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Unwell Child Policy

Westview Playgroup

Health procedures

Unwell Children

  • If your child appears unwell prior to attendance and anti fever medication needs to be given (paracetamol) please do not bring your child into Playgroup.

  • If a child appears unwell during the day, for example has a raised temperature (37.5 or above) sickness, diarrhoea ( two loose movements) or pains, particularly in the head or stomach then the parent is called and asked to collect the child or send a known carer to collect on their behalf.

  • If a child has a raised temperature (37.5 or above), they are kept cool by removing top clothing, and kept away from draughts. In the case of emergency with the temperature still rising we will administer liquid paracetamol (7.5ML) as deemed appropriate as long as parental permission has been given in writing. We will, if appropriate, contact 111 for guidance.

  • A child’s temperature is taken and checked regularly, using Fever Scans or other means i.e. ear thermometer. This should be recorded and a copy given to the parents on collection.

  • In an emergency an ambulance is called and the parents are informed.

  • In the event of any child requiring emergency hospital treatment and Westview Playgroup cannot contact parent a member of staff will stay with child until parent arrives.

  • Parents are advised to seek medical advice before returning them to the setting; the setting can refuse admittance to children who have a raised temperature (37.5 or above), sickness and diarrhoea or a contagious infection or disease.

  • Where children have been prescribed antibiotics for an infectious illness or complaint, parents are asked to keep them at home for a minimum of 24 hours to give antibiotics a chance to work.

  • After diarrhoea or vomiting, parents are asked to keep children home for 48 hours following the last episode.

  • Some activities such as sand and water play will be suspended for the duration of any outbreak.

  • The setting has information about excludable diseases and exclusion times but what our policies state is what we follow.

  • The Setting Manager notifies their Local Authority if there is an outbreak of an infection (affects more than 3 children) and keeps a record of the numbers and duration of each event.

  • The Setting Manager has a list of notifiable diseases and contacts Public Health England (PHE) in the event of an outbreak. Ofsted will be advised if deemed necessary.

 

  • If staff suspect that a child who falls ill whilst in their care is suffering from a serious disease that may have been contracted abroad such as Ebola, immediate medical assessment is required. The setting manager or deputy calls NHS111 and informs parents.

 

CHICKEN POX: Children must be kept off at least 5 days from onset of rash and until all spots have crusted over.

IMPETIGO: Children must be kept off until lesions are crusted and healed or 48 hours after commencing antibiotics.

MEASLES: Children must be kept off 5 days from onset of rash.

MUMPS: Children must be kept off 5 days from onset of swelling.

RUBELLA: Children must be kept off 5 days from onset of rash.

SCARLET FEVER: Children must be kept off for 24 hours after commencing antibiotics.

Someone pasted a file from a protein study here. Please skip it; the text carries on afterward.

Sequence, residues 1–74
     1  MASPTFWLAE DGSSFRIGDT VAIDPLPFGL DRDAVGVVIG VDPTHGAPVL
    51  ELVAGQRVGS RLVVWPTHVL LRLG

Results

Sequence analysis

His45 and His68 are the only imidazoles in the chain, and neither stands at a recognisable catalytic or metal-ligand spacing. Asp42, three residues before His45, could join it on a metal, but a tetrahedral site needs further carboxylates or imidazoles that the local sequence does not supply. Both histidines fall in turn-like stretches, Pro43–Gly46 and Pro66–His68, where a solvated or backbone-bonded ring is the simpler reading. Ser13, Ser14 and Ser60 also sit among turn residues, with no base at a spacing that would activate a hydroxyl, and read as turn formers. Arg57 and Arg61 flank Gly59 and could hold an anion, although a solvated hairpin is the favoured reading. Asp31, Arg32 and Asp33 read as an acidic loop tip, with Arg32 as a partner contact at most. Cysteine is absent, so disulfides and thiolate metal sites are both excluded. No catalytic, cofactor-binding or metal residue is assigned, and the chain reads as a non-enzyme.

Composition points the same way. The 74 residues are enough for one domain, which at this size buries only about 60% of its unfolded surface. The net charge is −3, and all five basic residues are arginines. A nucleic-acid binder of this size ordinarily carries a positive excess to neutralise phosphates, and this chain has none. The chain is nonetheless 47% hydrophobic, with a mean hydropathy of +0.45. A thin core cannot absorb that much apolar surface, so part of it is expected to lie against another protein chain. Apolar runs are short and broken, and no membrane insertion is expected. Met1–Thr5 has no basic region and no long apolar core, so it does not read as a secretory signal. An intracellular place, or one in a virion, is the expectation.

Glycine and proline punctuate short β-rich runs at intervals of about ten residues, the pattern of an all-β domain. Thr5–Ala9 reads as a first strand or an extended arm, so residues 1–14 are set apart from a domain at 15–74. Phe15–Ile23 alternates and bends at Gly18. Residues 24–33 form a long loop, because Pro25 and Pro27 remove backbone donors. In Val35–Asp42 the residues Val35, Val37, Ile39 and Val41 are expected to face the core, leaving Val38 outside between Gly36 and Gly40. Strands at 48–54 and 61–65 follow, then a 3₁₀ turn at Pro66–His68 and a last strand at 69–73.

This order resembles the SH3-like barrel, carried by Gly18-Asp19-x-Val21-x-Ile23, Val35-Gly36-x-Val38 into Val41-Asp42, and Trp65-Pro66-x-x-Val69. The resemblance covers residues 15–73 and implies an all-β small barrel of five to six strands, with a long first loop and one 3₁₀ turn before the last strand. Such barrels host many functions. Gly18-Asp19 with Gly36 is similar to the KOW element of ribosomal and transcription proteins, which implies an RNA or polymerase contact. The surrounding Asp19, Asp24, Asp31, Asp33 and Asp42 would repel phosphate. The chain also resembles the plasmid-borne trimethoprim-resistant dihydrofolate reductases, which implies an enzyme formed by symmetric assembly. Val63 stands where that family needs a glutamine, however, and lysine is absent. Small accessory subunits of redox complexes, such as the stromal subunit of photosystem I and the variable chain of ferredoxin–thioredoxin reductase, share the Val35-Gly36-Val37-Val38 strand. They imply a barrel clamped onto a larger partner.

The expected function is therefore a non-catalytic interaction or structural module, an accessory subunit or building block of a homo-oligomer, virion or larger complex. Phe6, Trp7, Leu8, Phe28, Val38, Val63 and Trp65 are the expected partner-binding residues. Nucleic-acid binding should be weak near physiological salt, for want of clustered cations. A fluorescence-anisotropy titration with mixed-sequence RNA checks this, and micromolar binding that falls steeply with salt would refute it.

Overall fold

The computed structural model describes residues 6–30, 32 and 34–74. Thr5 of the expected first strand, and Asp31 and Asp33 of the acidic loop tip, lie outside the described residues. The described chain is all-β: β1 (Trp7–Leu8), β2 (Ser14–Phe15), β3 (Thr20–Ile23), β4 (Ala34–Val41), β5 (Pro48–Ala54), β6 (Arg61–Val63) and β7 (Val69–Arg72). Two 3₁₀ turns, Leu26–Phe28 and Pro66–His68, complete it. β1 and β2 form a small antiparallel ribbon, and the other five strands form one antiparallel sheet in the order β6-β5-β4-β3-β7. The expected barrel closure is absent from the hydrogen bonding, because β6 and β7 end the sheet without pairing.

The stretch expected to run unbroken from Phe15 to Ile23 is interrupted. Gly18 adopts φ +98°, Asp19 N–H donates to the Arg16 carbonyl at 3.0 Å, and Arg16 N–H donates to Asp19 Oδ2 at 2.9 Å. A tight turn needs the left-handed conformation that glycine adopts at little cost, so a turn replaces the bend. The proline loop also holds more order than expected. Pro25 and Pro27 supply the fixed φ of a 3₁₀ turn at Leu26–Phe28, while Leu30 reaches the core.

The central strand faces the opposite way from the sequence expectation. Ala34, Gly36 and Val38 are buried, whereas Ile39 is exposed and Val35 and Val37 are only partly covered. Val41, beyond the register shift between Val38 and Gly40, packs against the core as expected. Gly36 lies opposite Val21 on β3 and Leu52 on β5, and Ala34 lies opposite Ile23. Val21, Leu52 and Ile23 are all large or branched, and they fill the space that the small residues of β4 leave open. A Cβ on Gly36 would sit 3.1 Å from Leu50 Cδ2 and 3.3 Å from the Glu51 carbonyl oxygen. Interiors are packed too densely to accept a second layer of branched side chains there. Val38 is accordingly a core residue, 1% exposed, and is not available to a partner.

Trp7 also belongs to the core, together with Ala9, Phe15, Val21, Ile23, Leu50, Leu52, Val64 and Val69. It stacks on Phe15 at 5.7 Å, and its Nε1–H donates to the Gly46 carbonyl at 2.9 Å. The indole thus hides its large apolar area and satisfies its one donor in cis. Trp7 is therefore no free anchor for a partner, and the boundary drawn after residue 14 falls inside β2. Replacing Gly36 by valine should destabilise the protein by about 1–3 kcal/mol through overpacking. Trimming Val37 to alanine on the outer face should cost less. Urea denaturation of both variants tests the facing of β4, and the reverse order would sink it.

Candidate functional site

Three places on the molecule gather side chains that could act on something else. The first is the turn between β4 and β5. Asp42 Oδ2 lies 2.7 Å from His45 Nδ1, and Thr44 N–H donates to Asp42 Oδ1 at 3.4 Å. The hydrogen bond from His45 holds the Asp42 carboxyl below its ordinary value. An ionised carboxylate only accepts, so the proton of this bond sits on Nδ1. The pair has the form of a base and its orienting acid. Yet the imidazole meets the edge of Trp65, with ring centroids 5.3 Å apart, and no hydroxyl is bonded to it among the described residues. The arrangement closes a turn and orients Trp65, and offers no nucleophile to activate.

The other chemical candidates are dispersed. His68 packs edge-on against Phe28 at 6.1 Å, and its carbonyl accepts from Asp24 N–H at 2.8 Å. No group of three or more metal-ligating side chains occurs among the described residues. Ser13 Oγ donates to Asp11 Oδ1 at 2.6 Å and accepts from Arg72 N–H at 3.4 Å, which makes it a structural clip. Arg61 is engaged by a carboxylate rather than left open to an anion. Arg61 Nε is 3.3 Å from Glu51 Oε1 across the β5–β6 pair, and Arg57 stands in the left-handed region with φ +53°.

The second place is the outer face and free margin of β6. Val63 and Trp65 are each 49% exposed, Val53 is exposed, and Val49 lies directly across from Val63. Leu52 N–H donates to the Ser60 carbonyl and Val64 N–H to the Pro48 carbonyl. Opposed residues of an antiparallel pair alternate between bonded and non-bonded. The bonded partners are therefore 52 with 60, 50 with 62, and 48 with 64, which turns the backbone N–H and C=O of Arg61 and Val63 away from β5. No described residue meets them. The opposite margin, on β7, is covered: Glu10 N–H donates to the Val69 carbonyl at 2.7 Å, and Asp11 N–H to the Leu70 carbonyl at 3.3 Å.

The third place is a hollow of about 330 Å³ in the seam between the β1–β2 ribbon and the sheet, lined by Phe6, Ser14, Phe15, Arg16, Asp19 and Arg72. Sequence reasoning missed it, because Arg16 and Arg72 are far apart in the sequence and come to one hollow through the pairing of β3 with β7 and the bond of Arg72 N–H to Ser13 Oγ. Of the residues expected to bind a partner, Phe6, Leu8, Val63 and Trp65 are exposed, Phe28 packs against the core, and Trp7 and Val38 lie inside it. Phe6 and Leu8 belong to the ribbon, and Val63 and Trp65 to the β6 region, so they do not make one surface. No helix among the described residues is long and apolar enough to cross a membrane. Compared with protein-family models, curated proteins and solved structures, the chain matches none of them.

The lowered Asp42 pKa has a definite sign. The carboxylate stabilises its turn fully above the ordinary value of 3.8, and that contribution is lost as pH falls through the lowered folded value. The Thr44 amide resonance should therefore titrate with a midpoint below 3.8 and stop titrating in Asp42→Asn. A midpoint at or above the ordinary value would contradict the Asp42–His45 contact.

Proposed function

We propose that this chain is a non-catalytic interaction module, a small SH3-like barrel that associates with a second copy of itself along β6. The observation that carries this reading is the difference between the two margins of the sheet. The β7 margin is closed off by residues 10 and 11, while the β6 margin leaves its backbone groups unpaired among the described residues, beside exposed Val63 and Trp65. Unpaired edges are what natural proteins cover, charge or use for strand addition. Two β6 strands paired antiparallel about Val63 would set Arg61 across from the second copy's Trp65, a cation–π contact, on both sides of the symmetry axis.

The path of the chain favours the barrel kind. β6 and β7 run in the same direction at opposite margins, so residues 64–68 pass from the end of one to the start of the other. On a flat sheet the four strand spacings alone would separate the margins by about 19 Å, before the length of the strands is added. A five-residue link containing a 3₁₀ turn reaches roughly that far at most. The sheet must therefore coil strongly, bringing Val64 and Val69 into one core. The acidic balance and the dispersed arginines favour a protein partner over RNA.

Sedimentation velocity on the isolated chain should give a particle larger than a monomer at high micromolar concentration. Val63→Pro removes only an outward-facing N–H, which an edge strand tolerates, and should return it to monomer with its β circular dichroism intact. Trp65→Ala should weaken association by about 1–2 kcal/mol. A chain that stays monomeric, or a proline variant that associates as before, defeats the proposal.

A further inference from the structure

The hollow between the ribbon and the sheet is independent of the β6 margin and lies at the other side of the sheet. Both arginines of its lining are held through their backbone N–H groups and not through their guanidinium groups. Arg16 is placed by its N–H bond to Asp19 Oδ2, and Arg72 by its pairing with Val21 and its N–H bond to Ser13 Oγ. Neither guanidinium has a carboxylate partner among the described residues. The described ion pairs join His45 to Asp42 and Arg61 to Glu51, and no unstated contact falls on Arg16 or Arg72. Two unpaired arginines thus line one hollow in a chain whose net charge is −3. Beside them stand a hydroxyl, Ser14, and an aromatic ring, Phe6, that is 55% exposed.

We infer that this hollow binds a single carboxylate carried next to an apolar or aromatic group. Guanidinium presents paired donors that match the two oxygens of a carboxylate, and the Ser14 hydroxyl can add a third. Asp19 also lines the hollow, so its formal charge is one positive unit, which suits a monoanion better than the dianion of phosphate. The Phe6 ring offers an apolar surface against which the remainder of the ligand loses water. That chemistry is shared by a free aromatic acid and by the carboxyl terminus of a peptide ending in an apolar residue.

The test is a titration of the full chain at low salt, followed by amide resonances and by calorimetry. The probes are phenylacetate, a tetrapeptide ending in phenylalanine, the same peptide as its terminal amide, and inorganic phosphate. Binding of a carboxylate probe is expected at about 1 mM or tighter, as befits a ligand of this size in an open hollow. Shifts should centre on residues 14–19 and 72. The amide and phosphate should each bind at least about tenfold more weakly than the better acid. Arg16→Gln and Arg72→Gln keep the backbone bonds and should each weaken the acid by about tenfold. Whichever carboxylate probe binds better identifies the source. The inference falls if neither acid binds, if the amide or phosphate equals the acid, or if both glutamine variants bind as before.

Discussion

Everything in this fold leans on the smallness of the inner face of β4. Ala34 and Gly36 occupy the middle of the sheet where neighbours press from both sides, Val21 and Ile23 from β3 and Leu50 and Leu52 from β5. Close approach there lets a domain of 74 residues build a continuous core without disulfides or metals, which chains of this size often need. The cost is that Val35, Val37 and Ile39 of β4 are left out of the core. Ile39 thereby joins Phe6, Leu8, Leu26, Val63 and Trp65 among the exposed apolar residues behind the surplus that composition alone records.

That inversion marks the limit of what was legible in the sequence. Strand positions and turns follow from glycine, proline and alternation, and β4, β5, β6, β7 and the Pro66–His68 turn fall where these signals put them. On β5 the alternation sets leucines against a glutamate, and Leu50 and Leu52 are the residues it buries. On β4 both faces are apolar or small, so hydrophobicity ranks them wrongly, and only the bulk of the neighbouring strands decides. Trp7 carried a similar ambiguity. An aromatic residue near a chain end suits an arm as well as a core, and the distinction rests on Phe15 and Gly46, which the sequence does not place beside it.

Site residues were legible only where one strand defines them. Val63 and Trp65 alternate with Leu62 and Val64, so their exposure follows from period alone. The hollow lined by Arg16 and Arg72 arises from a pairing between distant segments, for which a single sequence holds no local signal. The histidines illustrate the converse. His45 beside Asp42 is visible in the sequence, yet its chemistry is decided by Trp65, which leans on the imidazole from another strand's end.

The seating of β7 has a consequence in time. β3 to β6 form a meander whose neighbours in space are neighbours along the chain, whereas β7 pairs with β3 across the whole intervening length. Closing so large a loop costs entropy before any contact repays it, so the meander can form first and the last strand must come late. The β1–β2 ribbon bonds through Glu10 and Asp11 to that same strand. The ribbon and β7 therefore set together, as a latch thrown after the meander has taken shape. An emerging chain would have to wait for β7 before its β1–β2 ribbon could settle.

SCABIES: Children must be kept off until after first treatment.

WHOOPING COUGH: Children must be kept off 48 hours after commencing antibiotics.

HIV/AIDS procedure

HIV virus, like other viruses such as Hepatitis, (A, B and C), are spread through body fluids. Hygiene precautions for dealing with body fluids are the same for all children and adults.

  • Single use vinyl gloves and aprons are worn when changing children’s nappies, pants and clothing that are soiled with blood, urine, faeces or vomit.

  • Protective rubber gloves are used for cleaning/sluicing clothing after changing.

  • Soiled clothing is rinsed and bagged for parents to collect.

  • Tables and other furniture or toys affected by blood, urine, faeces or vomit are cleaned using a disinfectant.

Nits and head lice

  • Nits and head lice are not an excludable condition; although in exceptional cases parentsmay be asked to keep the child away from the setting until the infestation has cleared.

  • On identifying cases of head lice, all parents are informed and asked to treat their child and all the family, using current recommended treatments methods if they are found before their child returns to Playgroup.

**Paracetamol based medicines (e.g. Calpol)

The use of paracetamol-based medicine may not be agreed in all cases. A setting cannot take bottles of non-prescription medicine from parents to hold on a ‘just in case’ basis, unless there is an immediate reason for doing so. Settings do not normally keep such medicine on the premises as they are not allowed to ‘prescribe’. However, given the risks to very young children of high temperatures, insurers may allow minor infringement of the regulations as the risk of not administering may be greater. Ofsted is normally in agreement with this. Such medicine should never be used to reduce temperature so that a child can stay in the care of the setting for a normal day. A child over two who is not well, and has a temperature, must be kept cool and the parents asked to collect straight away.

Whilst the brand name Calpol is referenced, there are other products which are paracetamol or Ibuprofen based pain and fever relief such as Nurofen for children over 3 months.

Further guidance

Good Practice in Early Years Infection Control (Pre-school Learning Alliance 2009)

Medication Administration Record (Early Years Alliance 2019)

Guidance on infection control in schools and other childcare settings (Public Health Agency) https://www.publichealth.hscni.net/sites/default/files/Guidance_on_infection_control_in%20schools_poster.pdf

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